‘Thoughts on America’ Category

  1. Where There Is Love

    December 21, 2013 by myeye

    I am so proud of my State.  New Mexico never passed a ban on gay marriage.  The language in our statutes was gender neutral.  A few months ago, a County Clerk in Dona Ana County began issuing marriage licenses to same sex couples because, in his opinion, there was no effective bar to such unions.  A few other clerks followed suit.  Then they all got together and the County Clerks filed a suit directly to the New Mexico Supreme Court asking the Court to clarify for everyone whether the gender-neutral language of the New Mexico Statute permitted them to issue marriage licenses to same sex couples.  Many, many organizations jumped in to write briefs pro and con.  There was extensive oral argument.

    On Thursday, December 19th, our Court ruled that marriage is a union between two human beings to the exclusion of all others.  The sexes of the pair were irrelevant to the legality of the marriage.  It was a fairness ruling, it was an equal protection ruling, it was the right thing to do.

    Yesterday, a Federal Judge in Utah overturned Utah’s ban on same-sex marriage, and on the same grounds.

    At a time when our country is so divided, when there is such blatant hatred of others, these two rulings are beacons.  These were rulings that uphold love and commitment, in the face of prejudice.  Justice should never be subject to popular vote or to public opinion.  I am so happy that anyone who loves another may join him/her in marriage until death do them part.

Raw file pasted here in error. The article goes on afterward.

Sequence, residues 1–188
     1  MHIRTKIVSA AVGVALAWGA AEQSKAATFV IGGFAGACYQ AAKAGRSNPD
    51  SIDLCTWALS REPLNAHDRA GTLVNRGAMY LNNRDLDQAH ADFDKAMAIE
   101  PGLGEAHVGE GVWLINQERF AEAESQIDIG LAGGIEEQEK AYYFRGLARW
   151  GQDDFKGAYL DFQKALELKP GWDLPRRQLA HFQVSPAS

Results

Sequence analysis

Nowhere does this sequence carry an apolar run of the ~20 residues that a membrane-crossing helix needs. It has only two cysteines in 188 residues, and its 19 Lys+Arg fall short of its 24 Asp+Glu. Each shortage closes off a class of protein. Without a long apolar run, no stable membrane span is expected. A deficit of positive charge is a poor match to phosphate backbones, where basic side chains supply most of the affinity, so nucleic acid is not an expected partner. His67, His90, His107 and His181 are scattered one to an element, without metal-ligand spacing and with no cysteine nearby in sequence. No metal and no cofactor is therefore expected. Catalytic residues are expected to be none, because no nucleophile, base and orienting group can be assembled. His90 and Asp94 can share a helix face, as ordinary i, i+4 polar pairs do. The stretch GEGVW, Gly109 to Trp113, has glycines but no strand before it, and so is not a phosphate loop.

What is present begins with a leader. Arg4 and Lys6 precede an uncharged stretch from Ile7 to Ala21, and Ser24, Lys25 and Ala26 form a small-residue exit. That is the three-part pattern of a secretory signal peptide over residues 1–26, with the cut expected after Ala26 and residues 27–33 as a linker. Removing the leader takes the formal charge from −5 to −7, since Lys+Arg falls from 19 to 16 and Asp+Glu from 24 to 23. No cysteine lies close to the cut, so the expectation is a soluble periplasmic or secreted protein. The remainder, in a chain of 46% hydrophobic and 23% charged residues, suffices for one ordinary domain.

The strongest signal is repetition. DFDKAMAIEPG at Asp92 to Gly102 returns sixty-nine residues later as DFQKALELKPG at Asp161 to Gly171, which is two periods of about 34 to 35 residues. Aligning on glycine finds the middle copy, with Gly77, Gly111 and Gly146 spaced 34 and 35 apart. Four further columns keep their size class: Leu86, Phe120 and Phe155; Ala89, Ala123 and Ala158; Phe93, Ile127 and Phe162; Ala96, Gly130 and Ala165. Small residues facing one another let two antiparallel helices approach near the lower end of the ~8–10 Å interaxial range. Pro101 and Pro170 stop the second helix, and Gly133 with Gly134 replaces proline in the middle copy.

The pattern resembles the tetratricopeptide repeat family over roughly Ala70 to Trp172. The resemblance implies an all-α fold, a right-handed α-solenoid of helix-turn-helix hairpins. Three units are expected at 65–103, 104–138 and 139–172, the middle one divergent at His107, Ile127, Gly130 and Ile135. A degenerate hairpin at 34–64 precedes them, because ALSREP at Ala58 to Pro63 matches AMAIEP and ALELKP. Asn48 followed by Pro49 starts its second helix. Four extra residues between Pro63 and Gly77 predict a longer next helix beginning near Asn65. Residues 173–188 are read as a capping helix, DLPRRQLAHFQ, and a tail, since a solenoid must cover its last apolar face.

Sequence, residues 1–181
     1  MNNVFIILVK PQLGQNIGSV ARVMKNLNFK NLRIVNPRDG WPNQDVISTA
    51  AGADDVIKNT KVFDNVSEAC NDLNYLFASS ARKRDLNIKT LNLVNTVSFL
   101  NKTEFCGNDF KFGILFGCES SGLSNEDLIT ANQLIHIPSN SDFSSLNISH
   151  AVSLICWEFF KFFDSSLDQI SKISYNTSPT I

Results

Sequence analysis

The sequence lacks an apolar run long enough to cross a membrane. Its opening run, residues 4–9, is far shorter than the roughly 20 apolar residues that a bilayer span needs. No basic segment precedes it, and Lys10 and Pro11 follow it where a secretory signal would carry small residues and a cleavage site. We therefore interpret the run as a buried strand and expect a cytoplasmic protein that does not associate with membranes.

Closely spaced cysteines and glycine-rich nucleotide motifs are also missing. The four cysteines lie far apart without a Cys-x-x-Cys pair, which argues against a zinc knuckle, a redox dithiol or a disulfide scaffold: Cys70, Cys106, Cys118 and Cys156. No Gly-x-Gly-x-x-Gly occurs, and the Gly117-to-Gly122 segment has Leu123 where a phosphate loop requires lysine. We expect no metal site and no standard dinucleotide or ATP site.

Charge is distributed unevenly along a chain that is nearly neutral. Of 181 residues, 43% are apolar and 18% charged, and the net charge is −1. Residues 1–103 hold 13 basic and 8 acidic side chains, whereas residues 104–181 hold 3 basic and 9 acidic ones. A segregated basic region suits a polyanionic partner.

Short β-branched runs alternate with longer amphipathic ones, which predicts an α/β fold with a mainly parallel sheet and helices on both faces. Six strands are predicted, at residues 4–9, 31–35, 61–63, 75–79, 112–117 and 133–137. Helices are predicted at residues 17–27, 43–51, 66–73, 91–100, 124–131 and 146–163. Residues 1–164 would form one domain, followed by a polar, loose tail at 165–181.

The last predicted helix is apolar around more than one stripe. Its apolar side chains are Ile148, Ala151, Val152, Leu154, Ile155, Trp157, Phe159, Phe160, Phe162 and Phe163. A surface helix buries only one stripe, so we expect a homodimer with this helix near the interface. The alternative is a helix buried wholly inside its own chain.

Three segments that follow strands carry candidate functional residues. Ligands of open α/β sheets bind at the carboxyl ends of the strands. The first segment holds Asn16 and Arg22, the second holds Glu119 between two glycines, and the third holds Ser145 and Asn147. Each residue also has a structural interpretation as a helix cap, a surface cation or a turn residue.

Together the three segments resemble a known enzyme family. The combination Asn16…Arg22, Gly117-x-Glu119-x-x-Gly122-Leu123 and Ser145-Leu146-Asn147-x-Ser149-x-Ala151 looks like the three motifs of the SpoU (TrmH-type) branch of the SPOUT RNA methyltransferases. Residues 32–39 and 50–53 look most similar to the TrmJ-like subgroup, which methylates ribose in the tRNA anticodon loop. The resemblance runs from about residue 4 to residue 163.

Where there is love, there is still hope.

  2. We All Won If . . .

    November 7, 2012 by myeye

    I am so happy to welcome the Obama family back to the White House for a second term.  I believe the President is a genuinely good person.  It will all be for naught though if we cannot find a way to reignite Statesmanship in the Congress.  All the sitting individuals must begin looking for ways to move the country forward as a group.  Our tax code needs major revisions, we must stop subsidizing companies that have made their largest ever corporate profits at the expense of the working poor, we must simplify access to the government at the same time we establish safeguards within social programs.  We must take care of our military both during and after their service.  Businesses must find a healthy climate to build and service within the United States.

    So, I’m asking for a great deal — but Christmas draws near.

  3. Debating?

    October 4, 2012 by myeye

    Last night I watched the first presidential debate. One candidate was bombastic and overbearing, the other was polite, natural, and self-effacing. It was difficult to follow what was said because of how it was said. So, in case you really want to know who is promising what to the American people, you might want to read the transcript which is here.  One candidate was long on promises and short on specifics — as it has been for the past six months.  That candidate repeated lies that he has so often spoken that he probably believes them to be true.